Between the parallels of hard work, strategy and working together as a team, sports always present solid analogies for business. But this past year’s NFL season brought its own set of unique insights for entrepreneurs (that you haven’t heard a hundred times).
The season began with the drama of Deflategate still lingering and ended with an unexpected team making it to the Super Bowl. Looking back on all of this season’s events, three lessons stand out as being the most valuable:
1. When you’re a winner, everyone’s a fan.
Football and entrepreneurship both have extreme ups and downs that are magnified by your audience. When you win, everyone celebrates with you. Multiple wins cause higher expectations and increased pressure to succeed.
At the beginning of this NFL season, no one was talking about the Carolina Panthers, but the team somehow managed to win week after week, on through the playoffs. As the season progressed, so did expectations. The Panthers earned respect as well as favorable odds to win the championship, and their fan base has multiplied.
Now, on the flip side following their Super Bowl loss to the Denver Bronco, don't be suprised when everyone becomes a critic. When losses occur, everyone lines up to shout their opinions and the reasons for failure. In football, a losing record can cost people their jobs. In business, similar failures mean losing customers to competitors -- a dangerous drop in revenue is even worse.
In either circumstance, winners must have thick skin and selective hearing. The key is to filter through the noise and determine what’s true. When you find the truth, be brutally honest with yourself and those around you, and act accordingly.
2. Business and family rarely mix well.
Former NFL head coach Lovie Smith was recently fired by the Tampa Bay Buccaneers, despite turning around a team with a losing record. Rumors circulated that Smith had a relative on his defensive coaching staff that he refused to let go, even though the Bucs defense struggled much of the season.
While 22 percent of working men end up working for their fathers’ companies, it isn’t always the best move. Wanting to help family members or very close friends by hiring them is admirable, but think carefully about how it would play out if you end up having to fire them. That isn’t to say no one should ever work with family. But, like Smith’s case, the majority of these well-intended stories don’t end well.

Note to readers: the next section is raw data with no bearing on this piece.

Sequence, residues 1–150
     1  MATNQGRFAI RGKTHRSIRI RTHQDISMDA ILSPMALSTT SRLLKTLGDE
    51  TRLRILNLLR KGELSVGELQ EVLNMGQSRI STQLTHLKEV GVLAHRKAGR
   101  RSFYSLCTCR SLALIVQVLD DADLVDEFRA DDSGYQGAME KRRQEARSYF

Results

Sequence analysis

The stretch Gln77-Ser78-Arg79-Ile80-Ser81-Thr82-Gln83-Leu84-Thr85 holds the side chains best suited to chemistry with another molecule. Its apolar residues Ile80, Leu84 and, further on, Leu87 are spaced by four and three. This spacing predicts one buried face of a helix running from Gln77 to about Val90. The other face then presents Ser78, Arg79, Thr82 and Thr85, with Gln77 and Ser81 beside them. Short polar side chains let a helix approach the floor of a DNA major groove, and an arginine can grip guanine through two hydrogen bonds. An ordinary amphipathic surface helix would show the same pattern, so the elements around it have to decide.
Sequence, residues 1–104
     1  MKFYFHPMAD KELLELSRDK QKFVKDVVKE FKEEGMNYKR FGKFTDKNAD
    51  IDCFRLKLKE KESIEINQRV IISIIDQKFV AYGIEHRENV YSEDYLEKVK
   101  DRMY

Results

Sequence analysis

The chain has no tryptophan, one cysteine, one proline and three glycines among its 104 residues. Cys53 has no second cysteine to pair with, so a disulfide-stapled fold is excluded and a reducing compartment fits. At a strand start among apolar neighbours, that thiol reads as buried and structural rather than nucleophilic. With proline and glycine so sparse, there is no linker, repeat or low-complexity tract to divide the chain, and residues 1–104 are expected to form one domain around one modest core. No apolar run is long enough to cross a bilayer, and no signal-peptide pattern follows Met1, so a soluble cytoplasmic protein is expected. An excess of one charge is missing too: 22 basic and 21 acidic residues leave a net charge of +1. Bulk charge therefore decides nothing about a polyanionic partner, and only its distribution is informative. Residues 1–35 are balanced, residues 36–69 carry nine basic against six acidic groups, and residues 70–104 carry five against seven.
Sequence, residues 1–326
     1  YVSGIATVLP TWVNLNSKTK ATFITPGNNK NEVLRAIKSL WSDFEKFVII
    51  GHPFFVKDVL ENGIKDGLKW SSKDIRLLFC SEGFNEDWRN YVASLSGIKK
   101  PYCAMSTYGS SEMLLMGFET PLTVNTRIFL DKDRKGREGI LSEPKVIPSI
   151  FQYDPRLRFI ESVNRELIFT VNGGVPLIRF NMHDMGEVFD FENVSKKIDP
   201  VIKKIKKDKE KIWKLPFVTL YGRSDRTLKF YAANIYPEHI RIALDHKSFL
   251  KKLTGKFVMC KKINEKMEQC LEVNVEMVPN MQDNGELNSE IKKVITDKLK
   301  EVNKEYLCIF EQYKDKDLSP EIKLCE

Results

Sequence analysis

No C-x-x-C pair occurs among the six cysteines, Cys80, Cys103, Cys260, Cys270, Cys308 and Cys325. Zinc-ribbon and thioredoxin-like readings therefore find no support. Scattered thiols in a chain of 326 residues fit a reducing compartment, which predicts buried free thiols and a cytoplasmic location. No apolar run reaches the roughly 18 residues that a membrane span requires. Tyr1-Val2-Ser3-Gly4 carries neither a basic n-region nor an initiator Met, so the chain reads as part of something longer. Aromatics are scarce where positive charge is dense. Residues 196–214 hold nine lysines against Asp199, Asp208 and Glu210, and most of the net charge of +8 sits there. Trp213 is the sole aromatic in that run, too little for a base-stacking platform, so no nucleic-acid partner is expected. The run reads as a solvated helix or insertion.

3. Winners know who’s in charge.
One reason the Panthers have had success is clear, effective coaching and leadership. Your team needs the same for success, especially early on when roles and expectations are being defined.
Also, team members who don’t respect their leaders’ authority can disrupt the work environment. The Dallas Cowboys is a team that loves those high-profile athletes other franchises won’t touch. For the rest of the NFL, the risks of locker room issues, off-the-field distractions or simple drama outweigh talent. There are valid reasons no other teams are willing to take risks with these talented players. The best in each “player” can be harvested in the right environment. However, that may not mean the right environment is the one you provide.
If some of your team members have “I’m untouchable” mentalities because of their talent levels, rethink whether their talents are worth the attitude. No one wants to work with the “diva,” and having him or her on your staff can ruin company cultures and reputations. In turn, potential future gold-standard hires may be turned off by the idea of joining your company.
One of the best things you can do to assert yourself as a positive leader is to literally coach your team. There’s a reason business coaching was close to a $9 billion industry in 2014. Coaching requires consistent involvement with the team as a whole and individually to reach goals. Give regular feedback (both positive and negative, but in a way that encourages growth), and communicate how each team player contributes to the big game.
One of life’s most beautiful moments is showing the world what you can do if given the chance. Your startup is your chance. Focus on team goals and match determination with talent. In the end, you’ll be the coach of a winning team.
Related: Coaching Makes All the Difference